Durbin: Pentagon Plans To Tap $1B In Military Pay, Pensions For Trump’s Wall

US President Donald Trump speaks during an inspection of border wall prototypes in San Diego, California on March 13, 2018. Donald Trump -- making his first trip to California as president -- warned there would be "b... US President Donald Trump speaks during an inspection of border wall prototypes in San Diego, California on March 13, 2018. Donald Trump -- making his first trip to California as president -- warned there would be "bedlam" without the controversial wall he wants to build on the border with Mexico, as he inspected several prototype barriers. The trip to the "Golden State" -- the most populous in the country and a Democratic stronghold -- was largely upstaged by his own announcement that he had sacked Secretary of State Rex Tillerson. / AFP PHOTO / MANDEL NGAN (Photo credit should read MANDEL NGAN/AFP/Getty Images) MORE LESS
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March 7, 2019 5:46 p.m.

WASHINGTON (AP) — The Pentagon is planning to tap $1 billion in leftover funds from military pay and pension accounts to help President Donald Trump pay for his long-sought border wall, a top Senate Democrat said Thursday.

Sen. Dick Durbin, D-Ill., told The Associated Press, “It’s coming out of military pay and pensions. $1 billion. That’s the plan.”

Durbin said the funds are available because Army recruitment is down and a voluntary early military retirement program is being underutilized.

The development comes as Pentagon officials are seeking to minimize the amount of wall money that would come from military construction projects that are so cherished by lawmakers.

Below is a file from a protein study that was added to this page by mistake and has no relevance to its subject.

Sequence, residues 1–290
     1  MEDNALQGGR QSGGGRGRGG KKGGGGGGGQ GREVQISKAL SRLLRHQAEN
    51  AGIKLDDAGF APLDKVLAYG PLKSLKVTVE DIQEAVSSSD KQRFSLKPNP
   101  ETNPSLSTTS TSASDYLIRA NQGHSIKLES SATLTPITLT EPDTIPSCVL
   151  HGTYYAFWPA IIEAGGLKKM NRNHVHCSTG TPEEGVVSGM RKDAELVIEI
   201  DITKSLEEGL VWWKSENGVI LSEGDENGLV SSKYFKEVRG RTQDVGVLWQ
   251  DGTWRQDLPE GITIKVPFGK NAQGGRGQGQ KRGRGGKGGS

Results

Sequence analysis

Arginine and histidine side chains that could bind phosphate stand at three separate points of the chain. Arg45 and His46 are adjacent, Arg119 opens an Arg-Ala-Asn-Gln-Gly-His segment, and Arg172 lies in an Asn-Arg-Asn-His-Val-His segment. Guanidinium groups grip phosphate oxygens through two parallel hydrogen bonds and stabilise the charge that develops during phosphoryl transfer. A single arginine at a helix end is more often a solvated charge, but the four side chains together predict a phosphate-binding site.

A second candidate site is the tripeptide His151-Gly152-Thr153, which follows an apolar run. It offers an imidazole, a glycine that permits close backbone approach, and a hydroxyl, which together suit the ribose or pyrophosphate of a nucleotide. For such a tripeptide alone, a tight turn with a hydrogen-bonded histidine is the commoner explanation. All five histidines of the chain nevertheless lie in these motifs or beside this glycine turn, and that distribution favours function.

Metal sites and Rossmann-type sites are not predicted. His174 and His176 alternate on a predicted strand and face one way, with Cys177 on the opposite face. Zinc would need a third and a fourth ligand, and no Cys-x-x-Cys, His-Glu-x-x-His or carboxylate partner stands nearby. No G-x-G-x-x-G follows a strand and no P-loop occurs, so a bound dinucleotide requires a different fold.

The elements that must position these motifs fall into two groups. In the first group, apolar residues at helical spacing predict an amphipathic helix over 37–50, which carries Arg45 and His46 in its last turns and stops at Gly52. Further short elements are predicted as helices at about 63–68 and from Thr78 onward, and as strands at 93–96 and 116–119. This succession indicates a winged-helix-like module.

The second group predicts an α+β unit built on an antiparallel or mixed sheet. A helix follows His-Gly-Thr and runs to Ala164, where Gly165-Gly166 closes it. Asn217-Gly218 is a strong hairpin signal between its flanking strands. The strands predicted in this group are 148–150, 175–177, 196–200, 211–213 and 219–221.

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Durbin said, “Imagine the Democrats making that proposal — that for whatever our project is, we’re going to cut military pay and pensions.”

Durbin, the top Democrat on the Appropriations panel for the Pentagon, was among a bipartisan group of lawmakers who met with Acting Defense Secretary Patrick Shanahan on Thursday morning.

The Pentagon is planning to transfer money from various accounts into a fund dedicated to drug interdiction, with the money then slated to be redirected for border barriers and other purposes.

More attention has been paid to Trump’s declaration of a national emergency to tap up to $3.6 billion from military construction projects to pay for the wall. The Democratic-controlled House voted last month to reject Trump’s move, and the GOP-held Senate is likely to follow suit next week despite a White House lobbying push.

Senate Republicans met again Wednesday to sort through their options in hopes of making next week’s voting more politically palatable. They are struggling to come up with an alternative to simply voting up or down on the House measure as required under a never-used Senate procedure to reject a presidential emergency declaration. Lawmakers in both parties believe Trump is inappropriately infringing on Congress’ power of the purse.

Senators are increasingly uneasy ahead of voting next week because they don’t know exactly where the money to build the wall will come from and if it will postpone military projects in their home states.

Vice President Mike Pence told senators during their meeting a week ago that he would get back to them with an update. But senators said they don’t yet have a response from the administration.

“It’s a concern,” said Sen. John Cornyn, R-Texas. He said a number of senators have been talking to the White House about other ways the administration could shuffle the money without relying on the authority under the emergency declaration, which is likely to become tied up in litigation.

The pitch is, “Why have this additional controversy when it could be done in a less controversial way?” he said. “Apparently, the White House is not persuaded.”

The Army missed its recruiting goal this year, falling short by about 6,500 soldiers, despite pouring an extra $200 million into bonuses and approving some additional waivers for bad conduct or health issues.

Congress also appropriated money to give members of the military incentive to take early retirement, but enrollment in the program is coming in well under expectations.

“This is pay that would have gone to Army recruits that we can’t recruit,” Durbin said. “So there’s a ‘savings’ because we can’t recruit. The other part was they offered a voluntary change in military pensions, and they overestimated how many people would sign up for it.”

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